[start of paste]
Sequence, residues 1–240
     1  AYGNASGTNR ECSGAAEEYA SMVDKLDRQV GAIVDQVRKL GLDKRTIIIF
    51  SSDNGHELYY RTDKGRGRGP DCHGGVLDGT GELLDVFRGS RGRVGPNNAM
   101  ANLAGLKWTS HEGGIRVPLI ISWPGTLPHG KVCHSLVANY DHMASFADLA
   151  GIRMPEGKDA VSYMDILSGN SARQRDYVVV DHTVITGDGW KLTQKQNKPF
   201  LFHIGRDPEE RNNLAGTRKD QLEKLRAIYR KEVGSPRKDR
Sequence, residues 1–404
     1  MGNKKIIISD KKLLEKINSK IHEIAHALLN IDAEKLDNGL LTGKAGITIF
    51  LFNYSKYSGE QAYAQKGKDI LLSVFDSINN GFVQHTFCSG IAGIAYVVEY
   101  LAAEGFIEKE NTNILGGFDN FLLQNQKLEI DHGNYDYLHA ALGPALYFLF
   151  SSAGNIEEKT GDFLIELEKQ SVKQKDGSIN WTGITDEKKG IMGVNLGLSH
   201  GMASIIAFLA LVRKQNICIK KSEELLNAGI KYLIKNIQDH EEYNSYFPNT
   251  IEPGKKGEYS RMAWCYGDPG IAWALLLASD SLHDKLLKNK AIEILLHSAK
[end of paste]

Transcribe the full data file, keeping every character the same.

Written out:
Sequence, residues 1–240
     1  AYGNASGTNR ECSGAAEEYA SMVDKLDRQV GAIVDQVRKL GLDKRTIIIF
    51  SSDNGHELYY RTDKGRGRGP DCHGGVLDGT GELLDVFRGS RGRVGPNNAM
   101  ANLAGLKWTS HEGGIRVPLI ISWPGTLPHG KVCHSLVANY DHMASFADLA
   151  GIRMPEGKDA VSYMDILSGN SARQRDYVVV DHTVITGDGW KLTQKQNKPF
   201  LFHIGRDPEE RNNLAGTRKD QLEKLRAIYR KEVGSPRKDR
Sequence, residues 1–404
     1  MGNKKIIISD KKLLEKINSK IHEIAHALLN IDAEKLDNGL LTGKAGITIF
    51  LFNYSKYSGE QAYAQKGKDI LLSVFDSINN GFVQHTFCSG IAGIAYVVEY
   101  LAAEGFIEKE NTNILGGFDN FLLQNQKLEI DHGNYDYLHA ALGPALYFLF
   151  SSAGNIEEKT GDFLIELEKQ SVKQKDGSIN WTGITDEKKG IMGVNLGLSH
   201  GMASIIAFLA LVRKQNICIK KSEELLNAGI KYLIKNIQDH EEYNSYFPNT
   251  IEPGKKGEYS RMAWCYGDPG IAWALLLASD SLHDKLLKNK AIEILLHSAK